They say that the third day is the charm. Really? Who are they? Why do "they" decide? If you ask me, the third day was a doozy. What the heck is a doozy? Not really sure. I do know enough to be sure that I don't like it very much.
The S&P 500 surrendered 188 points, for a whopping decline of 5.9%. This selloff, far more significant than what traders had experienced the prior two days, was indeed -- for the broadest U.S. large-cap equity index -- the third consecutive "down day". The S&P 500 had not done that in three months' time, since March... earlier rather than later on, as markets melted away before the spread of the coronavirus that forced elected officials to shut down global economies by mandate.
Oh, it was not pretty, not in the least. Fear is rising that a number of U.S. states that, to this point, had appeared to have done well in controlling community spread of this virus are suddenly appearing to do less well in that fight. New cases are higher in a number of spots, as are hospitalizations. And it is difficult to tell, but it does appear to be a bit more than simply increased testing.
Why this hit equity markets as hard as it did, while also reverberating through other financial markets, is not hard to figure out. Investors had bought into the notion that perhaps this virus was truly seasonal. That maybe the economy would be able to find some footing and at least the first tranche (or two) of a V-shaped recovery might be put in place so that there might be a base level of velocity in transaction prior to the next significant test thrown at the nation.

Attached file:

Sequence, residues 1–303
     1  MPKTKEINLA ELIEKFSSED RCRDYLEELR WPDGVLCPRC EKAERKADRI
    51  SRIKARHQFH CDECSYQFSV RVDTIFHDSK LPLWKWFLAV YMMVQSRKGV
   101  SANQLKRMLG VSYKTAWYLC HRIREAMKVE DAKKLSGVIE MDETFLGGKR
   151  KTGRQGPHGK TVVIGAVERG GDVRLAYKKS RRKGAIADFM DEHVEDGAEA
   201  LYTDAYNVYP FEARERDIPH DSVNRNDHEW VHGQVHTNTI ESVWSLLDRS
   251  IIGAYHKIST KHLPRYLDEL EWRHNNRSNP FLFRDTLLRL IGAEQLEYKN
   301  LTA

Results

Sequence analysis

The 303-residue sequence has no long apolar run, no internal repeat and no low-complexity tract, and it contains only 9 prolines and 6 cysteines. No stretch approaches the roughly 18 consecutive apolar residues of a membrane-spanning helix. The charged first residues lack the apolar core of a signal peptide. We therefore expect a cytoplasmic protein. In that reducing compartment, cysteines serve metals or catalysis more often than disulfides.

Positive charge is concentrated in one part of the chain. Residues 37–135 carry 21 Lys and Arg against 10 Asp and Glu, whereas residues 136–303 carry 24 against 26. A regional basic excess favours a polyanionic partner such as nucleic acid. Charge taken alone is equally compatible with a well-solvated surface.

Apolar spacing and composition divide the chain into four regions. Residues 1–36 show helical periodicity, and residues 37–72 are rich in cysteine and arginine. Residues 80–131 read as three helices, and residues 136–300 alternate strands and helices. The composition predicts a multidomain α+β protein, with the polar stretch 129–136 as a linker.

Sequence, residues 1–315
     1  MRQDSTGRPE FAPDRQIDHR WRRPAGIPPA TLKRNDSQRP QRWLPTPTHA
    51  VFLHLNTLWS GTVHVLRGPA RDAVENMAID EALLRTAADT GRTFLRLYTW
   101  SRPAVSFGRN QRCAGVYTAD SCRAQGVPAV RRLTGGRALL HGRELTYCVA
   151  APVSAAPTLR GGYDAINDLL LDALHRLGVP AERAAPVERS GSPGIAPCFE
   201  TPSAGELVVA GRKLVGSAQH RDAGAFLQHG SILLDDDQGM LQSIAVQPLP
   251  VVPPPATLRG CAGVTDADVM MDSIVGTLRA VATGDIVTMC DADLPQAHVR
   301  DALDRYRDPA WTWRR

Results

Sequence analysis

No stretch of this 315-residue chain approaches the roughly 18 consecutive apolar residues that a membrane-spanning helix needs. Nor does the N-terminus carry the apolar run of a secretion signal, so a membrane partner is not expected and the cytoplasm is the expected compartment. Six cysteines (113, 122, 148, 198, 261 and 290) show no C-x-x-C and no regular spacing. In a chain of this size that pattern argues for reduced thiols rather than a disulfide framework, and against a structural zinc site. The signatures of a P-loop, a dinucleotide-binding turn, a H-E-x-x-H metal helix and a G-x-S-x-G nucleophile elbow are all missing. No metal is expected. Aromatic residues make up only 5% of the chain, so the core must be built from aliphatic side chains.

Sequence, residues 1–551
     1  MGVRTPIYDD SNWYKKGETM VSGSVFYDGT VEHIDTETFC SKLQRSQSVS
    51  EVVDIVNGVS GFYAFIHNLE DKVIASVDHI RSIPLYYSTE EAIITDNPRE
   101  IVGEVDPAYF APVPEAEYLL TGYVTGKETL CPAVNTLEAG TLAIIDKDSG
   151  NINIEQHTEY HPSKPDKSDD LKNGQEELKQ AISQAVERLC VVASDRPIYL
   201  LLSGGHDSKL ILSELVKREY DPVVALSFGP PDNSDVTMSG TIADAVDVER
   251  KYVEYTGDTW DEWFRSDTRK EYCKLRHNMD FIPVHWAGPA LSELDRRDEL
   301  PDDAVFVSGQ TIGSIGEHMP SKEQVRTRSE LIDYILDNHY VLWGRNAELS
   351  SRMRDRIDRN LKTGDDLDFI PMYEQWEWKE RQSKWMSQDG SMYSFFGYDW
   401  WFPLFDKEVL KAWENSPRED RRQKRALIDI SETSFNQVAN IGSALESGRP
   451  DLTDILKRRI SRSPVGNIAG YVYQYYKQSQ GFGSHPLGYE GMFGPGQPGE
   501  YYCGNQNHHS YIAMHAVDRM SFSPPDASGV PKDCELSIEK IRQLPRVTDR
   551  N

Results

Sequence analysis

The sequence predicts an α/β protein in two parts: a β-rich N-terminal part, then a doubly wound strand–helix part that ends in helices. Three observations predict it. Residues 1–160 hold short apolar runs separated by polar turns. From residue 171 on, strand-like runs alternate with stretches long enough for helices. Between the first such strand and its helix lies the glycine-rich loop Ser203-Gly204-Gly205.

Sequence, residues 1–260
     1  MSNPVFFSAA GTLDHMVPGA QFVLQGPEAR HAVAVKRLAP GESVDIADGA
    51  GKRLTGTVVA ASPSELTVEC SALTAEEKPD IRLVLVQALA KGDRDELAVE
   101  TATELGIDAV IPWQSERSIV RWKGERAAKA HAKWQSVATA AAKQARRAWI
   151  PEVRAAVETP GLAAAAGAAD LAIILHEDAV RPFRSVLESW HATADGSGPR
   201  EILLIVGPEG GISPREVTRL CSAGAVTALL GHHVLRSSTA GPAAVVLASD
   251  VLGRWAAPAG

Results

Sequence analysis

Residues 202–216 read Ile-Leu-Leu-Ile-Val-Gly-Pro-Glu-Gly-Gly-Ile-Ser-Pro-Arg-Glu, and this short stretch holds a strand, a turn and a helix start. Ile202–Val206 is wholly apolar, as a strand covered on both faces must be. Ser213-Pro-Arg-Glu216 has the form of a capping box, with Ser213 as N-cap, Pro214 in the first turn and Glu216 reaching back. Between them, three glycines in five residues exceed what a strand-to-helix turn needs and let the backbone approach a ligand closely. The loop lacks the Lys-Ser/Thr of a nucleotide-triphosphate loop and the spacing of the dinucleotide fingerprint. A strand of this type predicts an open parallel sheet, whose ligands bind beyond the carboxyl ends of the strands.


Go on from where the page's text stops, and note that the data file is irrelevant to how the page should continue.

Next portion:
What traders and investors have to understand is that by nature, we are open to risk. There is no way around this. Though across nearly half of U.S. states, it does appear that new cases are rising since reopening their local economies, perhaps there will not be another total shut-down. That said, there will likely be plenty of optional shut-downs at least at the household level. There is good news on the vaccine/therapeutics front. Until we get there from here, however, smart people will remain cautious.
We've talked about the S&P 500. The technical takeaway that I see for the S&P 500 was the lack of that index to hang on to the 200-day simple moving average on Thursday night. The index closed at 3,002, below its own 200-day SMA. That line stands at 3,013. That line was lost very late in the day. Regaining that line early on Friday will be important, at least in terms of an algorithmic reaction.
Equity index futures are showing some overnight strength as I write this missive, but the opening bell is a long way off, and the closing bell even further. That second bell is the one that counts.
The value proposition? Yeah, managers used those stocks the way they would a "drive-thru" ATM. The Dow Jones Industrial Average gave up 6.9%, The Dow Jones Transportation Average backed up 7.7%, while the small-caps were hit just as hard: the S&P 600 -8.2%, the Russell 20000 -7.6%.
Where did the money go? Some of it found its way into gold. Treasury securities have certainly had themselves a week. There was considerable cash creation, as there was nowhere to hide within the equity space. The Consumer Staples Sector Select SPDR ETF (XLP) led the sector performance tables for the day at -3.8%.
Trading volumes were higher on Thursday from Wednesday. Losers beat winners at the NYSE by almost 32 to 1. Declining volume beat advancing volume at that same exchange by a rough 63 to 1. Just incredible numbers, but who among us did not see the marketplace as living on borrowed time for at least a week or two at this point?
Horse of a Different Color
My, how quickly certain things do change. Most traders are probably well aware that the VIX traded above 42 on Thursday after trading below 25 on Monday. I watch the VIX, but I watch the CBOE's Put/Call ratios as well, as I try to gauge what other traders are doing in the way of hedging long side risk. Just take a look at these spikes. First, the Total Put/Call Ratio retakes both its own 50-day and 200-day SMAs: